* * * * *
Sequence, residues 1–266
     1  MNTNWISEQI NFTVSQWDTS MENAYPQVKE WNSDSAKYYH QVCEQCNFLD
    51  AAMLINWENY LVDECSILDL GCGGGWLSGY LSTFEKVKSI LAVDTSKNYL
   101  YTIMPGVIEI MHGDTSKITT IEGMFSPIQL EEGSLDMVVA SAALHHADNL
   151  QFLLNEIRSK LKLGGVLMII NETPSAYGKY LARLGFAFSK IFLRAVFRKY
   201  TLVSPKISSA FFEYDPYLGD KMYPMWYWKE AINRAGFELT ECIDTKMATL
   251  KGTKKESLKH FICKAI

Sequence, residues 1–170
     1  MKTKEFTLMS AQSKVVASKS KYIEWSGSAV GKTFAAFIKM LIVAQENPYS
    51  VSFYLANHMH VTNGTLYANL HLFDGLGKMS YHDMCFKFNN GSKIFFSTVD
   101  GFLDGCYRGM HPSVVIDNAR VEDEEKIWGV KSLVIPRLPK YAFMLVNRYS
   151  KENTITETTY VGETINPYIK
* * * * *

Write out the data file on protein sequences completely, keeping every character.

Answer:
Sequence, residues 1–266
     1  MNTNWISEQI NFTVSQWDTS MENAYPQVKE WNSDSAKYYH QVCEQCNFLD
    51  AAMLINWENY LVDECSILDL GCGGGWLSGY LSTFEKVKSI LAVDTSKNYL
   101  YTIMPGVIEI MHGDTSKITT IEGMFSPIQL EEGSLDMVVA SAALHHADNL
   151  QFLLNEIRSK LKLGGVLMII NETPSAYGKY LARLGFAFSK IFLRAVFRKY
   201  TLVSPKISSA FFEYDPYLGD KMYPMWYWKE AINRAGFELT ECIDTKMATL
   251  KGTKKESLKH FICKAI

Sequence, residues 1–170
     1  MKTKEFTLMS AQSKVVASKS KYIEWSGSAV GKTFAAFIKM LIVAQENPYS
    51  VSFYLANHMH VTNGTLYANL HLFDGLGKMS YHDMCFKFNN GSKIFFSTVD
   101  GFLDGCYRGM HPSVVIDNAR VEDEEKIWGV KSLVIPRLPK YAFMLVNRYS
   151  KENTITETTY VGETINPYIK